That is whole point. Now even the small town/city politicians will be sucking up to big money now instead of their constituents. And the money can come from anywhere. Sure, a grocery store clerk in Smalltown can compete with outside Koch money.



posted on Apr, 3 2014 @ 04:55 PM
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MOMof3
reply to post by 3shadesofblack
 


That is whole point. Now even the small town/city politicians will be sucking up to big money now instead of their constituents. And the money can come from anywhere. Sure, a grocery store clerk in Smalltown can compete with outside Koch money.


Interesting.

How exactly will that affect elections?



posted on Apr, 3 2014 @ 04:59 PM
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reply to post by MOMof3
 


Hmmmm, that's an angle I didn't think of. Before they had to pick and choose, so all the big money only really went to presidential, maybe some senatorial races. The effect the ruling might have, is make sure an independant or third party will never win a race at any level. Hell, it could go as far as school boards going the way of the two party only system. Something to think about I guess......



posted on Apr, 3 2014 @ 05:03 PM
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The Republican-packed Supreme Court just confirmed the death of U.S. Democracy. We are are now an oligarchy.
Pay to play!



posted on Apr, 3 2014 @ 05:05 PM
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reply to post by TKDRL
 


reply to post by MOMof3
 


I've been involved in small town elections. I've seen good people that could have done good work, but they could not unseat the entrenched politicians. They had great grassroots support, but there just wasn't enough money available to overcome decades of name recognition, and favorable TV time, and good ol' boy networks. In one case, the grassroots politician had a couple of folks willing to put 10 or 20 thousand dollars up, but the campaign finance rules limited them to $2500.

With this change, a handful of decent people with a good platform can go toe to toe with a 20 year mayor, or a 20 year city commissioner.

This does nothing to make it easier for big money to get involved, because big money was already involved, but this does help less experienced politicians get into the game.



posted on Apr, 3 2014 @ 05:11 PM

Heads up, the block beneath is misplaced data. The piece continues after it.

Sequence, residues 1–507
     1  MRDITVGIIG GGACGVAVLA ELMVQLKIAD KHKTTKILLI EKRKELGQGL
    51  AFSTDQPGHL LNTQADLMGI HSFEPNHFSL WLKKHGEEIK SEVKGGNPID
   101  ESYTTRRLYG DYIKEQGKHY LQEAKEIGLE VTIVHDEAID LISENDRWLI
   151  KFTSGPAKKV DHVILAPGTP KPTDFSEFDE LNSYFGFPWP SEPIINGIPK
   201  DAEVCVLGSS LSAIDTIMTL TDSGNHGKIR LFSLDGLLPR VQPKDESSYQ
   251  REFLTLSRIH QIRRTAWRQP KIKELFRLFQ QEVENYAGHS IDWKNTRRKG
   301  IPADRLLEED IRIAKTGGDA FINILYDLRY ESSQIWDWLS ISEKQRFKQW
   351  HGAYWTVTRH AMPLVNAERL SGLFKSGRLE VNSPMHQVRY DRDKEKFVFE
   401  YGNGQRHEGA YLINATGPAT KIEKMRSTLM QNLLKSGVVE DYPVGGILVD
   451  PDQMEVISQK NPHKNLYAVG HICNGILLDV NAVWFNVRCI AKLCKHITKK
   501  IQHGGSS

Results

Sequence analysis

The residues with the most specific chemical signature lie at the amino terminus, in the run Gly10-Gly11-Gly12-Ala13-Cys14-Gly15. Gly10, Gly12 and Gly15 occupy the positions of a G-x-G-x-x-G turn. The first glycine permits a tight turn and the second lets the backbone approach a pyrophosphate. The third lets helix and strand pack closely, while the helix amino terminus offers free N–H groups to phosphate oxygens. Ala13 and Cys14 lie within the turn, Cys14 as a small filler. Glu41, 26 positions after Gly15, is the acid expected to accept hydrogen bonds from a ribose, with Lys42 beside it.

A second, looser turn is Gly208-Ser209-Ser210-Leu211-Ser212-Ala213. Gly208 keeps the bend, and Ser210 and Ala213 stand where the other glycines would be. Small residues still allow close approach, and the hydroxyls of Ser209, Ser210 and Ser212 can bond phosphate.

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reply to post by rupertg
 


Republican packed? It's 5-4 in favor of republicans, hardly a solid majority there....



posted on Apr, 3 2014 @ 05:11 PM
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Maybe more people will be forced to wise-up and reevaluate their lifestyles. Start growing some of their own food, collect rainwater, bicycle instead of driving, get fit and off the toxic pharmaceuticals. Seriously, how many (b?)millions of people on Earth are literally paying some evil companies to poison them? General Mills puts poison in your crackers, Coke put it in the soda, GM put it in your air, and somebody else gets to come rake in profits on selling you the cure. ftw!



posted on Apr, 3 2014 @ 05:14 PM
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reply to post by 3shadesofblack
 


The ruling does not change how much you can donate to each candidate, but how much total you can donate anywhere. The limits of how much you can toss per candidate remain unchanged. Unless I am not understanding it correctly that is, which as a possibility.


They object to a 1970s Watergate-era law restricting someone from giving no more than $48,600 to federal candidates, and $74,600 to political action committees during a two-year election cycle, for a maximum of $123,200.

McCutcheon says he has a constitutional right to donate more than that amount to as many office seekers as he wants, so long as no one candidate gets more than the $5,200 per election limit ($2,600 for a primary election and another $2,600 for a general election).